Chapter VII: Memory



Nurse Nyabaled Anyong, 55, remembers back to a time before the war:

"Before the war, all the nurses went to training courses. We went to Juba, the capital. We were from different tribes: Nuer, Dinka... ” she recalls. “Before, we worked side by side  as sisters and brothers. But when the war started, some were killed and others escaped."

Nyabaled was a nurse at the University Hospital in Malakal, the largest hospital in Upper Nile state, managed by the Ministry of Health with the support of MSF. In February 2014, two months into the conflict, the hospital was looted and destroyed by armed groups. Several patients were killed in their beds.

"Then they told us they would kill us, the doctors and nurses, so we left.”


Malakal Hospital was attacked and destroyed in February 2014. | ANNA SURINYACH


Malakal, until then a city full of the hustle and bustle of daily life, became a ghost town of gutted buildings and streets strewn with dead bodies.

Nyabaled ran away from Malakal and crossed the Nile to Wau Shilluk in a small canoe, like thousands of other civilians. That’s where we meet her, two-and-a-half years after the attack on the hospital. Her memory of the event has not dulled, but neither has her desire to care for those affected by the conflict. She still works as a nurse.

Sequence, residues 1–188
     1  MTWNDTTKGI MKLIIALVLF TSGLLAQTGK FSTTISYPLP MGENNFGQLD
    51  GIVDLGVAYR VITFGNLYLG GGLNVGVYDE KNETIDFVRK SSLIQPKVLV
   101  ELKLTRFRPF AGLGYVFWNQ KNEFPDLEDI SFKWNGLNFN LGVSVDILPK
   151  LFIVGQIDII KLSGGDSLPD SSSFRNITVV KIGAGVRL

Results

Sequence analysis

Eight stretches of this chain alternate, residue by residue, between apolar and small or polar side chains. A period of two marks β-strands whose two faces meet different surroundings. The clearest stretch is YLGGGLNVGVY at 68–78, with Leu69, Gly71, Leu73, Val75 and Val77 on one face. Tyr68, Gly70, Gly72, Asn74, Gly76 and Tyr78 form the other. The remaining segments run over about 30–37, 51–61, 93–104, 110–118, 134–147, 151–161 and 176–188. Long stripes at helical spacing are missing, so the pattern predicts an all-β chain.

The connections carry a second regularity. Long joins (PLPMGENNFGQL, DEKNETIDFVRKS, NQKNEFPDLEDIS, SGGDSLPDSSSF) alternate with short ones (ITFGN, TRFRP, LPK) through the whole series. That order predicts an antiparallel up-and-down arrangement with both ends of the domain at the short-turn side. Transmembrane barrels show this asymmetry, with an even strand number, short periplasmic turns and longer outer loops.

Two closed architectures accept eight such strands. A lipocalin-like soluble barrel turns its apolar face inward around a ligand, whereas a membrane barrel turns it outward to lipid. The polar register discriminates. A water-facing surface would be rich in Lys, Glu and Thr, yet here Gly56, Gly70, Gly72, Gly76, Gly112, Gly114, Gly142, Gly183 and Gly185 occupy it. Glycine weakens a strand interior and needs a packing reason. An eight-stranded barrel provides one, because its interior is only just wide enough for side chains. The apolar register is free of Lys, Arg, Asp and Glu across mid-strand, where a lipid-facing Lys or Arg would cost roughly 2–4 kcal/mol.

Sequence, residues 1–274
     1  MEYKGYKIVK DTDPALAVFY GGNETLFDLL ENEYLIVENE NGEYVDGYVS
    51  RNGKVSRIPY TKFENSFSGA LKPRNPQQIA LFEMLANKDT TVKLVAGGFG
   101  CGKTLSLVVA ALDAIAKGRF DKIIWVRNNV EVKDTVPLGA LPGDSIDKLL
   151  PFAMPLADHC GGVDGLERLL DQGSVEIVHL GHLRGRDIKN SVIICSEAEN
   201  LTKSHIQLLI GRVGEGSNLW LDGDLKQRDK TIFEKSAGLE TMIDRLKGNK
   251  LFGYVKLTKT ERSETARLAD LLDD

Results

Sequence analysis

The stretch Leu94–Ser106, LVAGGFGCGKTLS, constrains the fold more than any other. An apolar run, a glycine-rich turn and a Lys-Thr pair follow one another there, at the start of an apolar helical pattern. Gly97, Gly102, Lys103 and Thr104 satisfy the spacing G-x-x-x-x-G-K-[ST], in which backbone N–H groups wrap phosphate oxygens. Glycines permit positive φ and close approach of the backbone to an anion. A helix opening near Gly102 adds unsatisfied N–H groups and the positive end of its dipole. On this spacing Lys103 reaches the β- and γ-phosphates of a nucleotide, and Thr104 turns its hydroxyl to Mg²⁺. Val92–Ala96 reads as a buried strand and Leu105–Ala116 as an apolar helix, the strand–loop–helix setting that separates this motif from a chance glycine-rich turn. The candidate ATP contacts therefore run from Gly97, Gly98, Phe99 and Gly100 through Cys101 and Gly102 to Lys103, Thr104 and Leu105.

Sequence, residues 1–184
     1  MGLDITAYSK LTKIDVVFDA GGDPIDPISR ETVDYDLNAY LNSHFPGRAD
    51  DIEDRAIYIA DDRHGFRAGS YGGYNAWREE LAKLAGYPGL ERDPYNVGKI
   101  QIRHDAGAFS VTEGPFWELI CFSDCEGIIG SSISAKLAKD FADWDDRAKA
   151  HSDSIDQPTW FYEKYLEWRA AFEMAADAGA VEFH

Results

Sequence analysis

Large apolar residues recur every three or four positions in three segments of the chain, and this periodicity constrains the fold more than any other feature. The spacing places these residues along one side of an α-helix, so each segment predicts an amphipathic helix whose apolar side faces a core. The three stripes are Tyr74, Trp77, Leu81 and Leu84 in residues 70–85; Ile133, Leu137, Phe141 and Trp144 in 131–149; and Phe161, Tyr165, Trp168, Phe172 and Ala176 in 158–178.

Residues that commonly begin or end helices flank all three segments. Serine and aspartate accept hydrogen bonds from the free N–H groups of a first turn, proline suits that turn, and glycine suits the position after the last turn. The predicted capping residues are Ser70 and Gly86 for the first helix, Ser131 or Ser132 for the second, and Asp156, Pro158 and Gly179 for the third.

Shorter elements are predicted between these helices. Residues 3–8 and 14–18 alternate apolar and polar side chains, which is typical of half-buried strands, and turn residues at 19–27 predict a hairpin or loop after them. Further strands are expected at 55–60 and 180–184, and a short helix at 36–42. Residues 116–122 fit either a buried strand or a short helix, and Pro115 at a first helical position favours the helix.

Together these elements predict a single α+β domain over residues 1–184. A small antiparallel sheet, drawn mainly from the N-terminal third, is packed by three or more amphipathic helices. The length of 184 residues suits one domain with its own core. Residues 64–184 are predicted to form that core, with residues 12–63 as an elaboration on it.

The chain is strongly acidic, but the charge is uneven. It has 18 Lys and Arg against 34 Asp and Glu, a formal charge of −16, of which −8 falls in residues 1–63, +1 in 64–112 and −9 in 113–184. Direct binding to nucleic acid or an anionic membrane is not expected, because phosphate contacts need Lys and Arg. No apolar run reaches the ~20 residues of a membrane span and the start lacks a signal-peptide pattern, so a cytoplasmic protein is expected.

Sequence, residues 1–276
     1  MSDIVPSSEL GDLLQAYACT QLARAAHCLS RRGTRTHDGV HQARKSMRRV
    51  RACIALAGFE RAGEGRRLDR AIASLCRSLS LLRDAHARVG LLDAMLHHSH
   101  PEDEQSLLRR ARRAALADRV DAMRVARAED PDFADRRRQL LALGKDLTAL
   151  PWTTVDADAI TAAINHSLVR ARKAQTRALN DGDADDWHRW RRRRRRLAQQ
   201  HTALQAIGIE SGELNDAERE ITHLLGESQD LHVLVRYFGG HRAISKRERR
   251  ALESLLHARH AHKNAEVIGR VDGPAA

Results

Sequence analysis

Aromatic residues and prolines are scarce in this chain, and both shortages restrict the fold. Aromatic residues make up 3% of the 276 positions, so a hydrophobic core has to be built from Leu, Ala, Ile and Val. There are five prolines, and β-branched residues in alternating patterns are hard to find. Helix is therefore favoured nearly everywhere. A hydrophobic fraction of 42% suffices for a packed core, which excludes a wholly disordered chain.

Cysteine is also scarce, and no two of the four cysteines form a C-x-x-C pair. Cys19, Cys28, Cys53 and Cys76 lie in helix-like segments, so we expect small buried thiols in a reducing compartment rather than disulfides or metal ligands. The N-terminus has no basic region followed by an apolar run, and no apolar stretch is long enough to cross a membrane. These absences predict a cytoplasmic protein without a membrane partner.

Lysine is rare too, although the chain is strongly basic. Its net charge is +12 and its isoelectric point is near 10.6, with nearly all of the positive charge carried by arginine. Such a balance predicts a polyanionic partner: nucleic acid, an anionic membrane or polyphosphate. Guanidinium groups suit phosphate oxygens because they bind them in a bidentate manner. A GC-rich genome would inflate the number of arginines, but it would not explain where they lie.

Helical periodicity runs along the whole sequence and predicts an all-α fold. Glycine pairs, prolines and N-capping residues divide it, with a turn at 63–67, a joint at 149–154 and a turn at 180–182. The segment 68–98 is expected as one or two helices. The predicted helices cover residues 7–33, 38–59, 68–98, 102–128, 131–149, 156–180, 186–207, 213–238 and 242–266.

Nyabaled Anyong now works in Wau Shilluk for the United States Agency for International Development (USAID). | ANNA SURINYACH


"I keep helping. Sometimes patients even knock on my door at night because they need an injection. I also treat wounds," says Nyabaled, sitting on the doorstep of her home, a hut in the dusty village-camp in Wau Shilluk.

Always smiling, Nyabaled explains that for a short time she left Wau Shilluk because she felt that she was also in danger there. But she came back and says that now she’s going to stay, and she won’t leave again. Why?

"I won’t run away any more because people here need me.”